Monday, September 19, 2011

Calcified Mesenteric Masses: Differential Diagnosis

  • Calcified metastatic implants: Ovarian carcinoma, mucinous colon carcinoma, or gastric carcinoma.
  • Carcinoid: Enhancing soft-tissue mass with surrounding radiating bands (fibrotic proliferation and desmoplastic reaction due to serotonin). 70% contain calcifications. Adjacent small bowel loops can be thickened (due to tumor infiltration or ischemia) or angulated.
  • Chronic sclerosing mesenteritis (shown above): Sclerosing mesenteritis is a rare inflammatory condition that affects the fat at the root of the mesentery with variable amounts of inflammation, fatty necrosis, and fibrosis. The chronic phase is also known as retractile mesenteritis and is characterized by fibrosis and a soft-tissue mass, with or without dystrophic calcifications.
  • Amyloidosis: An unusual presentation of systemic amyloidosis is one with mesenteric and/or omental infiltration, typically with coarse dystrophic calcifications.
  • Peritoneal echinococcosis: Almost always due to hepatic involvement and subsequent seeding from spontaneous or iatrogenic rupture. Suggestive features are cysts with calcific rims.


  • Pickhardt PJ, Bhalla S. Unusual nonneoplastic peritoneal and subperitoneal conditions: CT findings. Radiographics. 2005 May-Jun;25(3):719-30.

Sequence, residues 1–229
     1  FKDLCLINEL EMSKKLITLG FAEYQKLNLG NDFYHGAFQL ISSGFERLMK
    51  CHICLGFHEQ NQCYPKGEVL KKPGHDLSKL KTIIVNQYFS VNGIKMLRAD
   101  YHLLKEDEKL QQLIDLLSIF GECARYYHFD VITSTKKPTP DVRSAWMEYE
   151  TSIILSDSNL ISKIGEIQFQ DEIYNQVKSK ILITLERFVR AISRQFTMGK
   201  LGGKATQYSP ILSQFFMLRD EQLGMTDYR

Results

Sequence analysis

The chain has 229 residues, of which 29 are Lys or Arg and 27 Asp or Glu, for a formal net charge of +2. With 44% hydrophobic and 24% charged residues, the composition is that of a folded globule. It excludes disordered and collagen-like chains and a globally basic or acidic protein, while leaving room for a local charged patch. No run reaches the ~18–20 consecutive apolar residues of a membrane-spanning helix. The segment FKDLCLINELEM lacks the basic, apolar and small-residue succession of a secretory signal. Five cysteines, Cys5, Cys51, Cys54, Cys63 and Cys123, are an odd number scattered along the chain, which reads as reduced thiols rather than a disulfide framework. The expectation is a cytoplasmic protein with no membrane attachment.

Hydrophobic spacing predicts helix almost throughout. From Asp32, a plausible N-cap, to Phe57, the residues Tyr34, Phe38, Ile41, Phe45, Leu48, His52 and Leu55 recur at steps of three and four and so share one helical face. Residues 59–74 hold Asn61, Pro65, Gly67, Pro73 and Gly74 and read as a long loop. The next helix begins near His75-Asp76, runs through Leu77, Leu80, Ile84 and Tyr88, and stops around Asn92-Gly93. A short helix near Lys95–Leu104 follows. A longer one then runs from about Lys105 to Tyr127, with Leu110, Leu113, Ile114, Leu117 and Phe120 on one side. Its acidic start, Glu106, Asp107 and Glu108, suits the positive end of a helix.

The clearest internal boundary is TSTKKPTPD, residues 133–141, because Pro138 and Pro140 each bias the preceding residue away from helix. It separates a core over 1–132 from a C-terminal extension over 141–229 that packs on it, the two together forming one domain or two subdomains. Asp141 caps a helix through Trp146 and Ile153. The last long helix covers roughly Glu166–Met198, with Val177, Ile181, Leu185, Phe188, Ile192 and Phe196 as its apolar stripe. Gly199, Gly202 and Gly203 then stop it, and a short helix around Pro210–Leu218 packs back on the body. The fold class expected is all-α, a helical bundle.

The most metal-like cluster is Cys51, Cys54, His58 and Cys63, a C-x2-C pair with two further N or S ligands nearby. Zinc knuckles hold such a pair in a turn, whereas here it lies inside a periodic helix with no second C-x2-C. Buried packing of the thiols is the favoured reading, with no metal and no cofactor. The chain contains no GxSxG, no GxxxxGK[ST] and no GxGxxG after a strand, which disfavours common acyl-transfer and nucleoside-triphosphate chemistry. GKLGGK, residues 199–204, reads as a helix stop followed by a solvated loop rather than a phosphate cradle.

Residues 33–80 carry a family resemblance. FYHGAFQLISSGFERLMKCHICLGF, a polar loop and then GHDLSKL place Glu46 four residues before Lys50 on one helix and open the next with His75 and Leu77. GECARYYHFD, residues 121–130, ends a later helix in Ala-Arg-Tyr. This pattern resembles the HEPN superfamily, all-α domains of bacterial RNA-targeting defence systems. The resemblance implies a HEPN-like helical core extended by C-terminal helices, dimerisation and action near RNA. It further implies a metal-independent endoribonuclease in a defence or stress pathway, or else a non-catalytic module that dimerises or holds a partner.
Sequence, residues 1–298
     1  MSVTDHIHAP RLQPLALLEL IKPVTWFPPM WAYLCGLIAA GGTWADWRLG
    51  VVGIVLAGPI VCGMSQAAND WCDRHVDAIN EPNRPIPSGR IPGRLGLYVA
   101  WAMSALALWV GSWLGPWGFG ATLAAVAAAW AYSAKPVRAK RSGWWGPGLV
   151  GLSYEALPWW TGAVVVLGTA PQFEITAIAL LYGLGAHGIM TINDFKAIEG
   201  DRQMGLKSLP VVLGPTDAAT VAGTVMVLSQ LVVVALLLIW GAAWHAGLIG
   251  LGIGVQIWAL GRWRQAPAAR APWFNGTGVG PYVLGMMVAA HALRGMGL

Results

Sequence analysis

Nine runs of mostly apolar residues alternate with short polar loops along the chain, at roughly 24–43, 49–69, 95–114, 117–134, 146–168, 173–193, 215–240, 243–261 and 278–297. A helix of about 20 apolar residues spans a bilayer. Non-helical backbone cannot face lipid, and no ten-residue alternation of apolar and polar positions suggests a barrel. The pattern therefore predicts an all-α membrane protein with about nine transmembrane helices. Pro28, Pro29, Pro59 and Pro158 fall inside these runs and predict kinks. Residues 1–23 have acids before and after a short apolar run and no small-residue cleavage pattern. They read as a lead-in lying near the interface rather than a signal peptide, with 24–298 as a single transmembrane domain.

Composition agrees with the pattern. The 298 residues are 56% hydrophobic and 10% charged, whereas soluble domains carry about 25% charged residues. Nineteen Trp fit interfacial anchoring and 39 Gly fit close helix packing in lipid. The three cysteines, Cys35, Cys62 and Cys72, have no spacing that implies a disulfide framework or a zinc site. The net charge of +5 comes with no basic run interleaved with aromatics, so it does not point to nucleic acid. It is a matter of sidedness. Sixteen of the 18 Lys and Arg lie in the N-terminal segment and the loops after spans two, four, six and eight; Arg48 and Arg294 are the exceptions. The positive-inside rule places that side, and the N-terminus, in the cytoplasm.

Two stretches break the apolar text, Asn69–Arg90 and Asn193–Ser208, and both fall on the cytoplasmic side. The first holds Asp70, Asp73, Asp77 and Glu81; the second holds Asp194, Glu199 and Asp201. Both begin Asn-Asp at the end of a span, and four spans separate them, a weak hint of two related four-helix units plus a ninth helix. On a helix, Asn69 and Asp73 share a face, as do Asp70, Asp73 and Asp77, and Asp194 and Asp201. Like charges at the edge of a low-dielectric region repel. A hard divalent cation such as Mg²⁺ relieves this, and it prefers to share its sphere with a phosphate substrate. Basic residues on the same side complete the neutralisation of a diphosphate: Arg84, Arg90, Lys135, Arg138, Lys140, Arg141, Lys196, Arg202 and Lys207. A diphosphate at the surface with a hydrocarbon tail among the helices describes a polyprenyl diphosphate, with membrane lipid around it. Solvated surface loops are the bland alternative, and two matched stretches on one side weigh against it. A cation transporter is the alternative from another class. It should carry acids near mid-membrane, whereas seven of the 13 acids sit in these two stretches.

• Sheth S, Horton KM, Garland MR, Fishman EK. Mesenteric neoplasms: CT appearances of primary and secondary tumors and differential diagnosis. Radiographics. 2003 Mar-Apr;23(2):457-73.


  1. Please see this reference to calcified mesenteric lymph nodes from Mettler, a respected radiologist and author found on the internet.

    You left out the most important cause of mesenteric lymph node calcification, although, of course, this is without a mass.

    "Calcification of mesenteric lymph nodes can occur as a result of previous infections. These are usually seen as somewhat rounded or popcorn-shaped calcifications in the right midabdomen. A tip-off is the significant downward movement of these calcifications on the upright views, because the mesentery is very mobile (Fig. 6–14)."

    "Figure 6-14 Calcification in the mesenteric lymph nodes. This is a benign finding. The calcifications are typically located in the midabdomen to the right of midline, are somewhat popcorn shaped (arrow), and are relatively easy to see on a supine KUB (A). On an upright view of the abdomen (B), these calcifications drop substantially, owing to the mobility of the mesentery."

  2. Thanks so much for writing. I didn't include calcified lymph nodes, atherosclerosis, and pancreatic saponification, as I didn't consider them to be masses. You may want to check out a related post on mesenteric calcifications.


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